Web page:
31) Doctor Who – Full Circle, by Andrew Smith

Hmm. Smith is of course determined to give his own script a fair wind, but the end result is not very special; it is one of those rare occasions when the book doesn't quite do justice to the special effects of the original series. Of course he gives us a bit more background to the Alzarians and their origin – or not – on Terradon, but if anything it rather confuses the picture.

Since Doctor Who and the State of Decay was the first novelisation I read as I was getting back into them, we move on to

32) Doctor Who and Warrior's Gate, by John Lydecker

This is really good, the best book of this run; Romana II departing in style. Lydecker / Gallagher seems almost to be writing a standard genre sf book that the Doctor, Romana and Adric happen to have wandered into – Romana wanting to wander off on her own, of course. (And K9 gets perhaps his best characterisation in any of the novels, even if he is out of order for much of the story.) Of course, with it being the printed page rather than the screen, the story has to be told in a rather different way; but the author, whatever his name is, really rises to the challenge.

So, in summary, Doctor Who and Warrior's Gate, Doctor Who and the Nightmare of Eden, and the two David Fisher books are the ones to look out for from the Romana II set. She herself comes over rather better as a character than Romana I – I think partly because Terrance Dicks wrote relatively fewer of these novelisations, and did them relatively better. Certainly the character arc of her reluctance to return to Gallifrey is well conveyed in the later books, and her banter with the Doctor reads cutely in most of the earlier ones. Though it is a bit irritating that Dicks likes to describe her as "small" – compared to Zoe she is a giant, surely?

Right, only two more Fourth Doctor books left; but they will have to wait until next week.

Posted in Uncategorised

Numbers answer

  • 14, 9
    142 – 92 = 196 – 81 = 115

  • 11, 2
    112 -22 = 121 – 4 = 117

  • 12, 5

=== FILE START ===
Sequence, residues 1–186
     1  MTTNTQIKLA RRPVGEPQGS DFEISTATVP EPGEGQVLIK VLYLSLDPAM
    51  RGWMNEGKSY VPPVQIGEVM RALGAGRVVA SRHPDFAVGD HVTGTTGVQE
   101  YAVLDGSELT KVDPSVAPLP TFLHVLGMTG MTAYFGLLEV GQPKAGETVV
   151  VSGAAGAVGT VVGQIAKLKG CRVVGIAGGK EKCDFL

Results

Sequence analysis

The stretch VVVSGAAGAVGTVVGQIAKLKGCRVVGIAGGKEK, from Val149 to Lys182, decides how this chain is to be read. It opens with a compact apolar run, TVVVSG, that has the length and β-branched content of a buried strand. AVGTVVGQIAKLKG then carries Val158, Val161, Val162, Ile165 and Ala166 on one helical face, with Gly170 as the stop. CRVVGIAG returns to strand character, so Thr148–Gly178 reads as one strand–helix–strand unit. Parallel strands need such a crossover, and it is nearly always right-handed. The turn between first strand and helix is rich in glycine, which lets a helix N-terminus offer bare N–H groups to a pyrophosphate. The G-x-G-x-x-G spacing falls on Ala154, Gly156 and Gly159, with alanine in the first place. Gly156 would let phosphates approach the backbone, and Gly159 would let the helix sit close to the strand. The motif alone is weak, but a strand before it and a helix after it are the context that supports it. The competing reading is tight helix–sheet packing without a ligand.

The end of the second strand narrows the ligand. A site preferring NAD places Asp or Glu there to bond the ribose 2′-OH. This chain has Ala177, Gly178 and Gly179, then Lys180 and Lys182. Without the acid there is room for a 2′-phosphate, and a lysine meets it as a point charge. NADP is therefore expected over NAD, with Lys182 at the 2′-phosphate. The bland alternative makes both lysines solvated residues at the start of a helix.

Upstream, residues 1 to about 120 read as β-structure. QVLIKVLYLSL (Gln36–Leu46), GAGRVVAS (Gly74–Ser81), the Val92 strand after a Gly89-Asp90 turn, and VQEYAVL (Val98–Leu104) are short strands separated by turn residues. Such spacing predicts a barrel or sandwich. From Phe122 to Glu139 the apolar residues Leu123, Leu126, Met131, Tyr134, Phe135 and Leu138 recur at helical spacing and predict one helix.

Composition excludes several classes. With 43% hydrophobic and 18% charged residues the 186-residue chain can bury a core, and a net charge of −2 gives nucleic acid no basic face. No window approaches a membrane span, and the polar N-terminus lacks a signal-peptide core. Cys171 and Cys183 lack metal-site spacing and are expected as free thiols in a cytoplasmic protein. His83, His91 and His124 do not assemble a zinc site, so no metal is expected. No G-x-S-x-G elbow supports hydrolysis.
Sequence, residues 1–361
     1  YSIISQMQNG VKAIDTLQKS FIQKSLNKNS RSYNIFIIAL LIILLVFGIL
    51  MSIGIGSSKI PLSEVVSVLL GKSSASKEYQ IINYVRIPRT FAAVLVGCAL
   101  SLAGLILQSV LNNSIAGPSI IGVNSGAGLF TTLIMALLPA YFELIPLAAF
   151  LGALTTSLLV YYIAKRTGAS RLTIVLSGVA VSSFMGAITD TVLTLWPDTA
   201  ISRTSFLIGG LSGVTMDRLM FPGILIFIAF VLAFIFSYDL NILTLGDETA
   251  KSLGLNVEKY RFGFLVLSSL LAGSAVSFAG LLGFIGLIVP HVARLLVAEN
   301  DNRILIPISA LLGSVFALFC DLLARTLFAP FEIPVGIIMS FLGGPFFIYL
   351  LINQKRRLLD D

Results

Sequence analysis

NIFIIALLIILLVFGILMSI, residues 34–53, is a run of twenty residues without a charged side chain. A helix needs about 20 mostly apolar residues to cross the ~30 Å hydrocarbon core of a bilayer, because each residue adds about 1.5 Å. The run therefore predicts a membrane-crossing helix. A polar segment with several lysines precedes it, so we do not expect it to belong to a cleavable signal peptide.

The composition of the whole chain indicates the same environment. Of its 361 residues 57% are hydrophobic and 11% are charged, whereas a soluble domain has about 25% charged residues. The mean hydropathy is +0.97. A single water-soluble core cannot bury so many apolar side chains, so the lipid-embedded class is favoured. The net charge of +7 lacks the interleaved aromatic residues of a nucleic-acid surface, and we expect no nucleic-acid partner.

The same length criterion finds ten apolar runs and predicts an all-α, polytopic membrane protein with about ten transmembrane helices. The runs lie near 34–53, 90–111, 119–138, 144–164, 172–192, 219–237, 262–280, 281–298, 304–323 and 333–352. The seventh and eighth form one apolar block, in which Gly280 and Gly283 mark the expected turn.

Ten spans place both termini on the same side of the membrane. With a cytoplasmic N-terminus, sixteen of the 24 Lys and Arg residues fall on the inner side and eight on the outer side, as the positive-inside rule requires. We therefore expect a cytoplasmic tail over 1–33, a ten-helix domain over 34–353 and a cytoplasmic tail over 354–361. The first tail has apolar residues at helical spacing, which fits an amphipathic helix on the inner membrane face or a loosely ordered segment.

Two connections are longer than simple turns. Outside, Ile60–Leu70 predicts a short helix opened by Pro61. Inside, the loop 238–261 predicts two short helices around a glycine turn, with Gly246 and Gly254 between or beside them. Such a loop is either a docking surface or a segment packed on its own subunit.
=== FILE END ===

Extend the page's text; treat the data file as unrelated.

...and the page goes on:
122 – 52 = 144 – 25 = 119

  • 11, 0
    112 – 02 = 121 – 0 = 121

  • 22, 19
    222 – 192 = 484 – 361 = 123

  • 15, 10
    152 – 102 = 225 – 100 = 125

  • 64, 63
    642 – 632 = 4096 – 3969 = 127

Of course, these were the smallest number pairs for each point in the sequence; and I used odd numbers only. The full sequence from 115 to 127 would be

  • 115: 14, 9; 58, 57
  • 116: 16½, 12½; 30, 28; 58½, 57½
  • 117: 11, 2; 21, 18; 59, 58
  • 118: 30½, 28½; 59½, 58½
  • 119: 12, 5; 60, 59
  • 120: 11, 1; 11½, 3½; 13, 7; 14½, 9½; 17, 13; 21½, 18½; 31, 29; 60½, 59½
  • 121: 11, 0; 61, 60
  • 122: 31½, 29½; 61½, 60½
  • 123: 22, 19; 62, 61
  • 124: 17½, 13½; 32, 30; 62½, 61½
  • 125: 15, 10; 63, 62
  • 126: 11½, 2½; 12½, 5½; 13½, 7½; 22½, 19½; 32½, 30½; 63½, 62½
  • 127: 64, 63

113 and 127 are the lowest pair of consecutive prime numbers whose difference is 14.

Posted in Uncategorised

June Books 24) Vellum

24) Vellum, by Hal Duncan

Yeah, I know, I’m behind the times, I should have read this two years ago – most particularly because I bought it when the author was at MeCon and then I forgot to get him to sign it.

It was tough work – this is not light reading – but I found it unusually rewarding for such an ambitious book. The plot doesn’t really resolve – I may even get the sequel to find out if it does – but I really admired Duncan’s delicate handling of linguistics and culture. So many authors get the language thing partly (Stephen Baxter) or completely (Robert Jordan) wrong; but Duncan does have an ear for words and how they may change and re-form over the centuries. Likewise, I was impressed with his confident handling of MacLean’s Socialist Glasgow, revolutionary Dublin and the southern Caucasus – not quite at expert level in the latter two cases, but at least free of obvious howlers and successfully engaging my interest to keep me reading.

And I love the basic concept of the Book – indeed, my most serious complaint is that the book wanders away from the Book at the end. No doubt this is resolved to a certain extent in the sequel.